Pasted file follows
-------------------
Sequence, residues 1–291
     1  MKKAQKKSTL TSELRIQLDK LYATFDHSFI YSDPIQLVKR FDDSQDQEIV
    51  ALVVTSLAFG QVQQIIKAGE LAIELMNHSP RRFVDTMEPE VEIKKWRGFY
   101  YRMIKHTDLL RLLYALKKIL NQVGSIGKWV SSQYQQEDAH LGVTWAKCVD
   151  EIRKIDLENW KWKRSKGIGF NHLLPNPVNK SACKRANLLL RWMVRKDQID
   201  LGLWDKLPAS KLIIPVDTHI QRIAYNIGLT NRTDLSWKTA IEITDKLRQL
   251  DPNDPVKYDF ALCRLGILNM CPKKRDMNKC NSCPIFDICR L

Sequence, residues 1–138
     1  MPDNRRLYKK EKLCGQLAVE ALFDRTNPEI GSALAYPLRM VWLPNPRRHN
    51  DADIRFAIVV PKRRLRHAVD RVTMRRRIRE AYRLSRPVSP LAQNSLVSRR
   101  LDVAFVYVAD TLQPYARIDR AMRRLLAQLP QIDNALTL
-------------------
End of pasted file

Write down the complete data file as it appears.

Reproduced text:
Sequence, residues 1–291
     1  MKKAQKKSTL TSELRIQLDK LYATFDHSFI YSDPIQLVKR FDDSQDQEIV
    51  ALVVTSLAFG QVQQIIKAGE LAIELMNHSP RRFVDTMEPE VEIKKWRGFY
   101  YRMIKHTDLL RLLYALKKIL NQVGSIGKWV SSQYQQEDAH LGVTWAKCVD
   151  EIRKIDLENW KWKRSKGIGF NHLLPNPVNK SACKRANLLL RWMVRKDQID
   201  LGLWDKLPAS KLIIPVDTHI QRIAYNIGLT NRTDLSWKTA IEITDKLRQL
   251  DPNDPVKYDF ALCRLGILNM CPKKRDMNKC NSCPIFDICR L

Sequence, residues 1–138
     1  MPDNRRLYKK EKLCGQLAVE ALFDRTNPEI GSALAYPLRM VWLPNPRRHN
    51  DADIRFAIVV PKRRLRHAVD RVTMRRRIRE AYRLSRPVSP LAQNSLVSRR
   101  LDVAFVYVAD TLQPYARIDR AMRRLLAQLP QIDNALTL